The men 30 strong, had organized themselves in squads searching every canyon and ravine. Certain signals were agreed upon. So if any trace should be found they could soon be called together. They finally crossed his track followed it on and on and on – it seemed in creditable (sic) a child of seven could walk so far with out food nor water. Now a track: now a bit of clothing on the bushes on and on they went, their hopes rising with each new evidence that they might yet find the little fellow still alive. They heeded not the pangs of hunger nor the weary fatigue of their own bodies – on and on they wet as far as their horses could go. Still the tracks went on, they left their horses with tow of the party, took water and a little brandy, and crept along the ledge over precipices – down ledges they slid – till finally there they saw him on the very brink of a perpendicular ledge, his clothing torn from his little body, feet bleeding, flesh torn by the thorns of the underbrush. So crazed by fatigue, fright, thirst and hunger, they dared not disturb (sic) him lest he plunge over the brink and be lost forever.
Not a man spoke a word, not a sound dared they make. The father went back from the terrible scene and called the lads name ever so softly. He became conscious, turned saw his father with outstretched arms and sprang back and ran to the fond embrace. The men seeing him safely back from the brink rushed to him with water and with a few drops of brandy added to a few spoonsful of water in a baking powder can revived him sufficiently to be carried back to camp. They wrapped him in a Navajo blanket and took him on the horse. He seemed to be terribly frightened at this mode of travel. He squirmed loosed from the blanket, so he was placed in the saddle with his father behind and his arms around the terrified lad.
It was many days before he regained his sanity and became normal. Then they finally arrived at the Park all the men had heard the good news of his rescue and the whole party had assembled. The father asked the men how much he owed them for their efforts. They had put in six days and nights searching. They all answered as one man – “Nothing!”
That completes the story of the unknown sheepherder and his lost little boy.
“The sheep were moved from one canyon to another according to feed conditions. At this particular time they were being driven down the canyon near Bright Angel, the herd split in two sections, father and son became separated, each following a different herd in different canyons. The boy wandered on and on – until he was out of gun shot.
“The father hunted for days not daring to give up the hunt long enough to go for help. Thinking of course he would run across the little fellow in each revine or on top of each ridge. He finally was obliged to give up the lonely hunt and send for help.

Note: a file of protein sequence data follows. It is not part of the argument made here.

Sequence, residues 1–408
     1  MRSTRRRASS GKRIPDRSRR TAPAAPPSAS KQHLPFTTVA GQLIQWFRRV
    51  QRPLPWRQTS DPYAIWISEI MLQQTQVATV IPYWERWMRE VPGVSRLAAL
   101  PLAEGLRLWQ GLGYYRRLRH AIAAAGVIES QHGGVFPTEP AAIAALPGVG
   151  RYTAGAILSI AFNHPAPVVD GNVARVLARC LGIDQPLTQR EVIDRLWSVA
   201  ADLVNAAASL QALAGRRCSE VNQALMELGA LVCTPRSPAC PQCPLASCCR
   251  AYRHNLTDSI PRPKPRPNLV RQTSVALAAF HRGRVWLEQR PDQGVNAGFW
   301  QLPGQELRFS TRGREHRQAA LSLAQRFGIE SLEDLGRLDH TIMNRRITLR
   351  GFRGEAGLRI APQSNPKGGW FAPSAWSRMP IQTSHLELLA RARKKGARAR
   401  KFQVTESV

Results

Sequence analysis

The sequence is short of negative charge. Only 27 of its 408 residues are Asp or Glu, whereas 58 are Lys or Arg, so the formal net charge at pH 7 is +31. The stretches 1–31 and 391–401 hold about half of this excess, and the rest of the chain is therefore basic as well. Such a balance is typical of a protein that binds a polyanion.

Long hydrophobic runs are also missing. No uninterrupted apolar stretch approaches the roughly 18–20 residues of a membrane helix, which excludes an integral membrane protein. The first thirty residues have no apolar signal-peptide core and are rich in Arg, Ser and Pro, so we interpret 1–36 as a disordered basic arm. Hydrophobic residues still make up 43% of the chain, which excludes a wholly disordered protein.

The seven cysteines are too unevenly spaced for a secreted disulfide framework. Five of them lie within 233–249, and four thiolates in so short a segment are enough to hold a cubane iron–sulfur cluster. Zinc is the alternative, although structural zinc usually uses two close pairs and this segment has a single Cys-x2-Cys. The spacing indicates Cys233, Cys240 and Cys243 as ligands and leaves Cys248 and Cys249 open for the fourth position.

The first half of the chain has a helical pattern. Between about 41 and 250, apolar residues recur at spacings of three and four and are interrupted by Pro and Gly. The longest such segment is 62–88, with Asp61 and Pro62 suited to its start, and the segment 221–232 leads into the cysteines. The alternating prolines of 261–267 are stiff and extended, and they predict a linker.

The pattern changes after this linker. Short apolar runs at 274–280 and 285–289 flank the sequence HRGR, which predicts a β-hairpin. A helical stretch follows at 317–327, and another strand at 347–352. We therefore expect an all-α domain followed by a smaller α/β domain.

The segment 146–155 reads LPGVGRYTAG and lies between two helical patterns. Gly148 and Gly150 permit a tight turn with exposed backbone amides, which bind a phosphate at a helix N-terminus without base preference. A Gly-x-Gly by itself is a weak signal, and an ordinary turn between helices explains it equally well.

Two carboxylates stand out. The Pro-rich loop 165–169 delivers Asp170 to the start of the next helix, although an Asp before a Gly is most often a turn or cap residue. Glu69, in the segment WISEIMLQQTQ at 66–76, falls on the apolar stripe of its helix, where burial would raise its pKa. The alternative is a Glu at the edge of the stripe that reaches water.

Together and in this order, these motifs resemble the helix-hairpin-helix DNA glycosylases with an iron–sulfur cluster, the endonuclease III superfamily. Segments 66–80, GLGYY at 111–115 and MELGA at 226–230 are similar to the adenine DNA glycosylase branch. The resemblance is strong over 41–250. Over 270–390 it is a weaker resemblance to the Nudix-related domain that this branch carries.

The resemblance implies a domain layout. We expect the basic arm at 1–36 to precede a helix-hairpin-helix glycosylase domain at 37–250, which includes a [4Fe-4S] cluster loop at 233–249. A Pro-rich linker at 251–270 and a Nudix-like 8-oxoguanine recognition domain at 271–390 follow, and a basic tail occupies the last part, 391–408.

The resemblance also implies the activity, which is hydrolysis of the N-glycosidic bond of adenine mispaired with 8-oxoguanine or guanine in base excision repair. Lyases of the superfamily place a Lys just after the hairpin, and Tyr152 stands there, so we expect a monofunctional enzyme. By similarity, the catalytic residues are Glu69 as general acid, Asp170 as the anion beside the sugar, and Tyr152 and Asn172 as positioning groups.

“He found the cowboys at VT ready and willing at a minute notice to mount their horses and ride in haste to rescue the lost child. As the word spread over the country that the boy was lost, men sprang in to their saddles and were off to join in the search. Word finally reached Kanab. A rescuing party was formed in a few hours. Women came from every direction with food and supplies for the hunters. When they were off they stood around in terrifeid groups too grief stricken to go back to their homes. The children felt the terror in the air. And every night in every home a prayer was offered to God that the little fellow would be found alive and brought home in safety to his grief stricken parents. The women of the little town took turns watching and waiting comforting the prostrate mother as best they could.”
It has been awhile since I have had time to post a story. So today’s story actually comes from Rachel W. Dalley. In research at the Southern Utah University in October, this story was in a file about the Woolley family. It has little to do with sheep but sheep were the reason for the circumstances of the story. It seems only logical that this situation was repeated in many sheep raiser’s families. When the story was first written is unknown. There were two pages found together in the file and the second page was titled “Then and Now Part II” and dated July 1938. Part II has nothing to do with sheep, sheepherders, dogs, donkeys or a little boy as the story that is about to be told. Thus the story could have taken place in 1938 or 37 years before. The reader can decide for themselves on the date.
So in her own words, lets look at the story over the next couple of days.
“If we could let our minds wander back 37 years and see this beautiful peaceful valley as the lonely sheepherder saw it. Tall grass beautiful flowers blooming in profusion. The silence was broken only by the bleating of the sheep or the tinkle of the bell of his donkey as they followed the herd. This lone herder had brought his seven year old boy along for company, justs to have some one to talk to besides the dog and donkey. The omenous silence, the great aloneness-the monotony of the sameness of each day to the last one just gone by. This monotony became so oppressive that it was really dangerous for one man to spend so many weeks and months alone. So the little boy was brought along for company.”
A story written by Janice Bryson for theArizona CattleLog,December 2013, about the Atkins Family tells ofa sheepman on the Arizona Strip. There were Atkins that had sheep on the Strip but I will relate their story later in future blogs. For now, we will just stick with this sheepman.